The information presented in a company’s financial statements can provide significant insights into its operations. For stakeholders, particularly shareholders and investors, this information can be significantly crucial. Of these financial statements, most stakeholders focus on the balance sheet, income statement, and cash flow statement. Sometimes, however, the information presented in these statements may not be sufficient.
In those cases, stakeholders will need additional information on which they can base their decisions. In most circumstances, obtaining internal information can be challenging since companies don’t disclose them. However, they can still use other techniques to enhance the quality of the data presented in the financial statements. This process falls under the calculating and interpreting of financial ratios.
Financial ratios are crucial metrics that calculate the relative magnitude of one figure to another. In most cases, these ratios consider how one item in the financial statements differs from another. Through this process, stakeholders can reveal information that companies do not disclose directly. On top of that, these metrics are available for everyone, making them significantly more beneficial.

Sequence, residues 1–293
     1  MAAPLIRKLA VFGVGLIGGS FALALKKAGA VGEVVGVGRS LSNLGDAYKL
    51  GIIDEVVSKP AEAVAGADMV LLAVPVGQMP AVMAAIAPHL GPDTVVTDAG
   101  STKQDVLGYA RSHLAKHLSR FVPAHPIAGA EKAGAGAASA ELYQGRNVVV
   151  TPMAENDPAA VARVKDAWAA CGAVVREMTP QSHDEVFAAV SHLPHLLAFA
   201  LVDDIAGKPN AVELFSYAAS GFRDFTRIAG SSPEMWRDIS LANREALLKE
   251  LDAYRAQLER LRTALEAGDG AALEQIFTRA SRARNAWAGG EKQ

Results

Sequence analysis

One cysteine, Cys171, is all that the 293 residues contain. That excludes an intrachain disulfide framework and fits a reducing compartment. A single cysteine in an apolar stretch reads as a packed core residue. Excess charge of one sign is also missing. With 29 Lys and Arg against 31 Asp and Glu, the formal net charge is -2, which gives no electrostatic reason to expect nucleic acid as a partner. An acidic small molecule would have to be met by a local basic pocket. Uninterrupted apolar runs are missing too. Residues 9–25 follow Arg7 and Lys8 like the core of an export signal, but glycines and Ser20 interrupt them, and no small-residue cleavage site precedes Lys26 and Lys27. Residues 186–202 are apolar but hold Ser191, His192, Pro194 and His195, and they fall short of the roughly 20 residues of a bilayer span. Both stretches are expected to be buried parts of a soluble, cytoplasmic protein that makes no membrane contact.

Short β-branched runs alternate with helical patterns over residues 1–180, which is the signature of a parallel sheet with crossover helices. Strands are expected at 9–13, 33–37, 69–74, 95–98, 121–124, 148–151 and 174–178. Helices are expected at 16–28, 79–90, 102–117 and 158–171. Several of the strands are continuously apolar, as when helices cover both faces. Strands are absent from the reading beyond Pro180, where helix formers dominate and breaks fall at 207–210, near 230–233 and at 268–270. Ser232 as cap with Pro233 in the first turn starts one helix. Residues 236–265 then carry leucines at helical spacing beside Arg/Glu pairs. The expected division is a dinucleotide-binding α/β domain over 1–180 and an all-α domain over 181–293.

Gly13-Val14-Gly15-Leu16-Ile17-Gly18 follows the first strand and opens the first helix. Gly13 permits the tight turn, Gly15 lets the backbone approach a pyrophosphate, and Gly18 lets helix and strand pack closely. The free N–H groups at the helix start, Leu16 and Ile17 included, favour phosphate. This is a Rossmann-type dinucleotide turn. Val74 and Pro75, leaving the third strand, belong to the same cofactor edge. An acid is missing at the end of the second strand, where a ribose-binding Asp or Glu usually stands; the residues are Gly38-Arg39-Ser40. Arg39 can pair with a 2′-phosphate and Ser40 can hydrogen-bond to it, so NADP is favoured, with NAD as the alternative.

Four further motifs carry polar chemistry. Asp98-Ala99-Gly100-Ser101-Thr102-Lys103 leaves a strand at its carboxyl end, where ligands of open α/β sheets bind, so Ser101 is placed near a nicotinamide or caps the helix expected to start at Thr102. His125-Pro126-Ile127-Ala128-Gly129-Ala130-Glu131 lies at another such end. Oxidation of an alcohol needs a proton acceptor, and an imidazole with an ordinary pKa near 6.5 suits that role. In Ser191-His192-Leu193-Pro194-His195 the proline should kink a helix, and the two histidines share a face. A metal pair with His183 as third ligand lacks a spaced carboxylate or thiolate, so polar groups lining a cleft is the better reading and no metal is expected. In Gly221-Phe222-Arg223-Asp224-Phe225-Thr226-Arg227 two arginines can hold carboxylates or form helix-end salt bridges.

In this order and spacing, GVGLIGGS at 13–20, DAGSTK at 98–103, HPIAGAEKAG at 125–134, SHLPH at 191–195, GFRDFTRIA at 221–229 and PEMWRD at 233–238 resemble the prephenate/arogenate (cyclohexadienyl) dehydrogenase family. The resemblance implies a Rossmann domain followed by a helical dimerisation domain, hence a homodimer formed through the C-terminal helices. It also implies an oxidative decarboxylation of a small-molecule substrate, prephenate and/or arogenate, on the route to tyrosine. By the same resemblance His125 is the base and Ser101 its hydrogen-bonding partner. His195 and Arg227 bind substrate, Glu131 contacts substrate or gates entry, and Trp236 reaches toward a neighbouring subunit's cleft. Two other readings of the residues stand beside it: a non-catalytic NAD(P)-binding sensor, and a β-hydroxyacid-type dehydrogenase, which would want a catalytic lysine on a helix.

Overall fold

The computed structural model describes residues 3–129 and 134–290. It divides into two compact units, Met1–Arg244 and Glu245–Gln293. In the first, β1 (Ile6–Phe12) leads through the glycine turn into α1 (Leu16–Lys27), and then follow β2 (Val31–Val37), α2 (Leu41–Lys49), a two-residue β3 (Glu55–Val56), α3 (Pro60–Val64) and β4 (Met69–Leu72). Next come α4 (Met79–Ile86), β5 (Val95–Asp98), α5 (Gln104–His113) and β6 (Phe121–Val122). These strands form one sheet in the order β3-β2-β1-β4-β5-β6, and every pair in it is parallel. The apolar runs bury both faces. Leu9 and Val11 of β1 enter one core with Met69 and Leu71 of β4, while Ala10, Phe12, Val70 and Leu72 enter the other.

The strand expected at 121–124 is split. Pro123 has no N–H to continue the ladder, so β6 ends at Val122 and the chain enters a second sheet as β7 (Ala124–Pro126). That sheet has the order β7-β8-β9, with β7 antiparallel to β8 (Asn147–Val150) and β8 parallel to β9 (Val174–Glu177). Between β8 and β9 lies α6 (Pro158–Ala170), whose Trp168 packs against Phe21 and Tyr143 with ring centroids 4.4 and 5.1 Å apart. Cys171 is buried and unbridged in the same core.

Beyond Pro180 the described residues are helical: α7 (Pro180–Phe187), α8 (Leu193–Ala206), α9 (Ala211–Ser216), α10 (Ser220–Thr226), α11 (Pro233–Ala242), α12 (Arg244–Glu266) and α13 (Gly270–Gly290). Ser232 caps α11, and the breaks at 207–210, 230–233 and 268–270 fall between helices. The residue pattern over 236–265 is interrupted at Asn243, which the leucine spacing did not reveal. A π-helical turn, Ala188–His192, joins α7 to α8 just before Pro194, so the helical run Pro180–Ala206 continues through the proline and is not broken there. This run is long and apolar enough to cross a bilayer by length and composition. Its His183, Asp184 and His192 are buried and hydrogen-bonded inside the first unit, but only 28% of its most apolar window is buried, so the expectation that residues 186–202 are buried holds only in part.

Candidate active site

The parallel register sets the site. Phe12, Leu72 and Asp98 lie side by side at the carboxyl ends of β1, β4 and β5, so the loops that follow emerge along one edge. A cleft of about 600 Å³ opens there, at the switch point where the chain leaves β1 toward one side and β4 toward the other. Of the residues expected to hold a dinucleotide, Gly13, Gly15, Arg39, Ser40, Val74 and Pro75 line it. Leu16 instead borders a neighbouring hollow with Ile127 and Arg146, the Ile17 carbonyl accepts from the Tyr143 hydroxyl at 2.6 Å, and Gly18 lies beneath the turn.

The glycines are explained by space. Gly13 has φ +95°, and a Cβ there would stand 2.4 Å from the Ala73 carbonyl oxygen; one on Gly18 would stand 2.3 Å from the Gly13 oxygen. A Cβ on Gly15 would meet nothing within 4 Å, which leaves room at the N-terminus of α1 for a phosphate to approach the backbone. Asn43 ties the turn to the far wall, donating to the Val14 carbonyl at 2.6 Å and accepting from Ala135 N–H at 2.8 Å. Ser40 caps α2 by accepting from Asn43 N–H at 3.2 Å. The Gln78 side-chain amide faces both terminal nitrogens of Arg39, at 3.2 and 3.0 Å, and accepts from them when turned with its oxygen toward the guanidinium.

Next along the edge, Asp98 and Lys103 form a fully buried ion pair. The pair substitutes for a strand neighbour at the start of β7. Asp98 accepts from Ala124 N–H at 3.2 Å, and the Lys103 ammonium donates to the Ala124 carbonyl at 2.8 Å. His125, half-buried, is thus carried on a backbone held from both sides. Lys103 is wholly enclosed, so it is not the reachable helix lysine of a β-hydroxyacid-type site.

What are Activity Ratios?
Activity ratios are a type of financial ratio that provides valuable insights into a company’s operations. These ratios allow stakeholders to determine the efficiency with which a company uses its assets to generate sales. In other words, activity ratios look at how companies make sales through the use of their resources. This way, stakeholders can establish whether the company utilizes its assets to a full extent.
Activity ratios usually include one metric for most calculations, a company’s revenues or sales. This figure becomes the numerator for the calculations. On the other hand, these ratios also consider assets or other resources as the numerator. This way, they determine the relative ratio between the sales made and the relative resources used.